behaviors, but do not affect NCD behavior. Average state cigarette prices and fast food prices could be used for such purposes. However, for this identification strategy to be effective, it is necessary to have data for a long period of time, so that there is sufficient within and across state variation in these variables and relatively large samples to insure precise estimates. Unfortunately, there is not enough variation in these price measures in our sample. 15 This measure asks respondents how frequently in the past 30 days they have felt sad, nervous, restless, hopeless, and worthless on a scale from none of the time (0) to all of the time (4). The scale is constructed by simply summing the values obtained (from 1-4) on each of the six symptoms, yielding a score ranging from 0-24. A score of 13 or higher indicates sensitivity around the threshold for the clinically significant range of the distribution of nonspecific distress. The measure is available for the 2001 and 2003 waves but not for the 1999 wave. This measure is reported directly by the respondent with the reporting being about equally split between husbands and wives in married couples.

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characteristics can be assumed to be independent of the unobserved heterogeneity that determines current NCD use while others are choice variables and may be endogenous to the NCD decision. In the second specification, we include a basic set of exogenous covariates: age, race, ethnicity, interaction terms between age and race/ethnicity variables, year dummies and region dummies. The third specification includes additional covariates that potentially could be endogenous: the income to needs16 ratio (linear, squared and cubed), total net wealth (spline at median), highest level of education attained for husband and wife (college, some college, high school), white collar job dummies for husband and wife, number of children in the household, a health insurance dummy17, a home ownership dummy, and number of weeks unemployed in the past year. Additionally, the fourth specification includes a measure of total out-of-pocket medical expenditures during the two years, prior to the interview. If the impact of poorer health behaviors is a consequence of additional unpaid medical bills, the inclusion of the out-of-pocket medical expenditure variable should account for these effects. Table 4 summarizes results, reporting coefficients, standard errors and the marginal effects of poor health behaviors on the probability of having NCD. Estimates from the first specification show that obese men are about 8 percentage points more likely to live in families with NCD and obese women are about 6 percentage points more likely to do so. Overweight status in men is associated, on average, with a 5 percentage point higher likelihood of living in a family with NCD and smoking for women is associated with a 4 percentage point higher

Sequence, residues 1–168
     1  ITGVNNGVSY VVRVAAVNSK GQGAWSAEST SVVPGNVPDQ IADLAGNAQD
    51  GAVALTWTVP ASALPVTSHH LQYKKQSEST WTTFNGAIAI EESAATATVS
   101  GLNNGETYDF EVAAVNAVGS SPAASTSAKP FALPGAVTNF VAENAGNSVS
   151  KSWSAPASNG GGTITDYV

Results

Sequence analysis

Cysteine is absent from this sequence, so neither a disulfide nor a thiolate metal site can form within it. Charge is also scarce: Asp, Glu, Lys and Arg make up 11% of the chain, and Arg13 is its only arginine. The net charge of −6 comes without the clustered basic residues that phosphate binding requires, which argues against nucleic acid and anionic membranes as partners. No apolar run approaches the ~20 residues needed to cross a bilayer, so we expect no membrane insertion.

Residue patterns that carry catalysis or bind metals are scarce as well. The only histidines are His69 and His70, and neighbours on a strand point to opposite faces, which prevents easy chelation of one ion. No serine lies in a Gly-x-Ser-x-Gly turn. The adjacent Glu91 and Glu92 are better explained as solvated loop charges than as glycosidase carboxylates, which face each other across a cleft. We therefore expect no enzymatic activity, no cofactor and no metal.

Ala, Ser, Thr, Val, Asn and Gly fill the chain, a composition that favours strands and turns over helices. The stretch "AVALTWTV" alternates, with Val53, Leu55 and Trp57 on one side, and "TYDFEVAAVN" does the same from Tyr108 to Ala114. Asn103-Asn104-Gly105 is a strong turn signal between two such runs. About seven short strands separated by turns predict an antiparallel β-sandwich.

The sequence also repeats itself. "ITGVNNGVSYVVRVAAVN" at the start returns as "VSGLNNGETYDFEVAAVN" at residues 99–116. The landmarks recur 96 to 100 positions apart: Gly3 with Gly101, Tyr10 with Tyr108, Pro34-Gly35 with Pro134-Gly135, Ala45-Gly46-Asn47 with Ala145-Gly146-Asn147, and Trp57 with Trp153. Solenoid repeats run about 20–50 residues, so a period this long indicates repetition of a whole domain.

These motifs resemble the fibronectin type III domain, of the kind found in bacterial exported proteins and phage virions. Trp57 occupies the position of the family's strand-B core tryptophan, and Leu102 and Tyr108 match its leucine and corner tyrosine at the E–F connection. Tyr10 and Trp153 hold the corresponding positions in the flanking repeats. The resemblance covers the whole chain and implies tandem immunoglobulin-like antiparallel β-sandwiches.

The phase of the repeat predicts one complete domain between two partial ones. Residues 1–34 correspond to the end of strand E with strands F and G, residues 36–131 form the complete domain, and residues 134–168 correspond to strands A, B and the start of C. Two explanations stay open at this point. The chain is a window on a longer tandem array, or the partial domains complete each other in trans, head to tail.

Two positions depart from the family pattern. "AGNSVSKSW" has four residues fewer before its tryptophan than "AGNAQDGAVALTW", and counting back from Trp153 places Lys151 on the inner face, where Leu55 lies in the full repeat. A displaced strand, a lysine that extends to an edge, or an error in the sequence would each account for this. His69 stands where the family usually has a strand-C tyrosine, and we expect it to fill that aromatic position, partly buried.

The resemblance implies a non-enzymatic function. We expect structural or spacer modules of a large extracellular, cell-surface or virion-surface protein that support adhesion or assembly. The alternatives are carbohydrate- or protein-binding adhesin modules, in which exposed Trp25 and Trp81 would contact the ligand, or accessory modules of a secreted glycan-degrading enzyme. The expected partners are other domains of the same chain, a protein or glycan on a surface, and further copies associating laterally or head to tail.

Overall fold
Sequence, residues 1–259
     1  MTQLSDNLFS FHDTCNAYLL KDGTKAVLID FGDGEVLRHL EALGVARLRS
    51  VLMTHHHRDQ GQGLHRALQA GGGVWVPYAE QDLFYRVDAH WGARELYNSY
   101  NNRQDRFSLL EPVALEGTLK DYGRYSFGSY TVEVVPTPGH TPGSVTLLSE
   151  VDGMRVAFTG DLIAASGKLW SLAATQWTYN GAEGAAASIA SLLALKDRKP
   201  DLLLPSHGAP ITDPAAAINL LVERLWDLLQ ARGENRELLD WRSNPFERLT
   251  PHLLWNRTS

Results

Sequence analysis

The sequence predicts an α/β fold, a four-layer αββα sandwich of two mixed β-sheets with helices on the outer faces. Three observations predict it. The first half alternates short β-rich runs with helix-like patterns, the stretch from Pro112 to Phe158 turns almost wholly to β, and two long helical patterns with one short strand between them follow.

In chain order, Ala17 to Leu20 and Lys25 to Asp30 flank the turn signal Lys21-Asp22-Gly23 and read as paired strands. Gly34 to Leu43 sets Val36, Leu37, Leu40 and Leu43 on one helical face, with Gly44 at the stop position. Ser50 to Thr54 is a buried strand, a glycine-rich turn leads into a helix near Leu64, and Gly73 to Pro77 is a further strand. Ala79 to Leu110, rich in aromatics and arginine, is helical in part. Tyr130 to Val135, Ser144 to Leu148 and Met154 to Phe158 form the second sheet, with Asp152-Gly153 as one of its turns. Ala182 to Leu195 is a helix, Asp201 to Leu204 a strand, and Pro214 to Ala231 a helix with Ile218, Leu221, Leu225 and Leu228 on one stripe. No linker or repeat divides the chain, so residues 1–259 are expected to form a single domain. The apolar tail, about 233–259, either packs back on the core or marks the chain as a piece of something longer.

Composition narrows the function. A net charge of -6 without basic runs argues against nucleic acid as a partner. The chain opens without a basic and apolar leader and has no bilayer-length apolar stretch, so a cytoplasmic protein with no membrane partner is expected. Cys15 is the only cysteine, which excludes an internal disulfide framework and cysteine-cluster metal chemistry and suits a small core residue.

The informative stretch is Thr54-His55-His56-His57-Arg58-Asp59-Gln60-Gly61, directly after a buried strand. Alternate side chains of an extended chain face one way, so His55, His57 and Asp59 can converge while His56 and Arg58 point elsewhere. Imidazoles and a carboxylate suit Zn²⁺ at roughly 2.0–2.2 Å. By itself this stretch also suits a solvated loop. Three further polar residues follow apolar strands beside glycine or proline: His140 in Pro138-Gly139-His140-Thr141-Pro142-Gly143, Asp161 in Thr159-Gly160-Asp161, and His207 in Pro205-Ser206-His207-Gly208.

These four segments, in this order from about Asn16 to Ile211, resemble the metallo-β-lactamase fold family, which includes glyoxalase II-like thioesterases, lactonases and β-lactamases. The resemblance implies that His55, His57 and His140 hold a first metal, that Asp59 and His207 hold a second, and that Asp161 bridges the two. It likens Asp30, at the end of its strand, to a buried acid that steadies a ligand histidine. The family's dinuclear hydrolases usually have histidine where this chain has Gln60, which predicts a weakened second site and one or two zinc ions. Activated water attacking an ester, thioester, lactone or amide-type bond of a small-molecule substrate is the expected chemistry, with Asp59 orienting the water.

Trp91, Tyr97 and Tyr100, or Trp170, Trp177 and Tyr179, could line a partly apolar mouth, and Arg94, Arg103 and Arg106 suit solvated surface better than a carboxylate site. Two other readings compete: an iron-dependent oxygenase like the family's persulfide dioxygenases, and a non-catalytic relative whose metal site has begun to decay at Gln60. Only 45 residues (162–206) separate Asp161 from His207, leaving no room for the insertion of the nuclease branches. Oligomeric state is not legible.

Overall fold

The income to needs ratio equals total family income over an annual needs standard. The annual needs standard reflects the poverty threshold and was taken from U.S. Census' Current Population Reports, Series P-30, Poverty in the United States. The threshold values are based on family size, the number of persons in the family under age 18, and the age of the household head. 17 Health insurance dummy equals one if one or more persons in the household were covered by health insurance during past two years.